From School Library Journal
Gr 3-6-The moon is missing from the sky, and its absence causes unrelenting heat and drought. At night, Rendi can hear the sky moan and whimper for the missing moon, a sound that has plagued him since running away from home and ending up as a chore boy at an isolated inn. When a mysterious and glamorous guest arrives, she bring stories and asks Rendi to tell her tales in return. These stories weave the characters and plotlines together while revealing the backstory of Rendi's flight from home, the village's geography, and the missing moon, and how they tie together. This follow-up to Lin's Where the Mountain Meets the Moon (Little, Brown, 2009), takes place centuries earlier, when Magistrate Tiger's son was still young, and missing. The stories the characters tell are based on traditional Chinese folktales, but Lin adds her own elements and layers and mixes them with original tales to form a larger narrative that provides the background and the answers for the frame story. This tight and cyclical plotting, combined with Lin's vibrant, full-color paintings and chapter decorations, creates a work that is nothing short of enchanting. Like the restored moon, Starry River outshines the previous work.-Jennifer Rothschild, Prince George's County Memorial Library System, Oxon Hill, MDα(c) Copyright 2011. Library Journals LLC, a wholly owned subsidiary of Media Source, Inc. No redistribution permitted.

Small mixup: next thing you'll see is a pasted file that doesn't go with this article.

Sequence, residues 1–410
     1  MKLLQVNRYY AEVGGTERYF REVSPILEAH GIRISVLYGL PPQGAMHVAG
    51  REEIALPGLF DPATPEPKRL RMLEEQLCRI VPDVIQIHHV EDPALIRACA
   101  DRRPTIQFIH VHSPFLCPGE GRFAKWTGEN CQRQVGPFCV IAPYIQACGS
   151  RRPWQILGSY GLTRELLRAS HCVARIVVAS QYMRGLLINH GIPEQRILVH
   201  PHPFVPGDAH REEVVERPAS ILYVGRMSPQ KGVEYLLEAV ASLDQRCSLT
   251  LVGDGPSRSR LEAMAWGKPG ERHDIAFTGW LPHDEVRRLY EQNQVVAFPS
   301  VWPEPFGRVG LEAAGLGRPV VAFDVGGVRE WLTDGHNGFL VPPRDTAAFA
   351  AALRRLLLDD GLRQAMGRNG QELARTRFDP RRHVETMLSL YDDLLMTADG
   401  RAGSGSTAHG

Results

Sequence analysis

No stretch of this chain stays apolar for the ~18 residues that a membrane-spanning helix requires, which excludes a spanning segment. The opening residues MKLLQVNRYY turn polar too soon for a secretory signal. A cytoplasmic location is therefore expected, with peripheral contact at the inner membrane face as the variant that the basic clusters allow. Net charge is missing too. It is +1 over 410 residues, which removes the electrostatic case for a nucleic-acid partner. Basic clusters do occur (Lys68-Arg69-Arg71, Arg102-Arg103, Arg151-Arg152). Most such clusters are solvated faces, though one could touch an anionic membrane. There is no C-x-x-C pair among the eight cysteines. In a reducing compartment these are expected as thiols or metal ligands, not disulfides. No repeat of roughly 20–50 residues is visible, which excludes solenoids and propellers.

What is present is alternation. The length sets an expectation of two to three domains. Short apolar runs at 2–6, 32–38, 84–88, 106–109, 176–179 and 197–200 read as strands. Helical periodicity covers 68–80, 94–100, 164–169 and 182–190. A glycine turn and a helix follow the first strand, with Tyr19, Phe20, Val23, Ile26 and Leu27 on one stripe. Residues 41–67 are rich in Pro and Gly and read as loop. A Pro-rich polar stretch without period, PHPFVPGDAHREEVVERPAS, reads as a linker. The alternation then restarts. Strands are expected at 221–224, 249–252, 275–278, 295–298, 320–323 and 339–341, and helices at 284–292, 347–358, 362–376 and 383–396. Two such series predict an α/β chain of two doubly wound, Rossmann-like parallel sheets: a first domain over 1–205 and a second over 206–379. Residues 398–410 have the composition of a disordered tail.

*Starred Review* This mesmerizing companion to the Newbery Honor Book Where the Mountain Meets the Moon (2009) does not disappoint. Rendi has run away from home, stowed in the back of a merchant’s cart, until he is discovered and left stranded in the scarcely populated Village of Clear Sky. There he becomes the innkeeper’s chore boy and is introduced to a cast of characters, including Mr. Shan, a wise older man; Madame Chang, a mysterious out-of-town guest with a gift for storytelling; and a toad whom Mr. Shan calls Rabbit. All the while, the moon is missing, and it seems only Rendi is tormented by the sky’s sad wailing noises at night. Madame Chang insists that for each story she tells—including one about ruler Wang Yi’s wife, who transformed into a toad and lived out the rest of her days on the moon—Rendi must tell one of his own. Unlike its predecessor, this novel is stationary in setting, but it offers up similar stories based on Chinese folklore that interweave with and advance the main narrative. Each of the tales reveals something important about the teller, and most offer a key piece of the mysterious puzzle: what happened to the moon? A few characters from Where the Mountain Meets the Moon, including Magistrate Tiger, appear on the periphery of the action. Lin’s writing is clear and lyrical, her plotting complex, and her illustrations magical, all of which make this a book to be savored. Grades 3-6. --Ann Kelley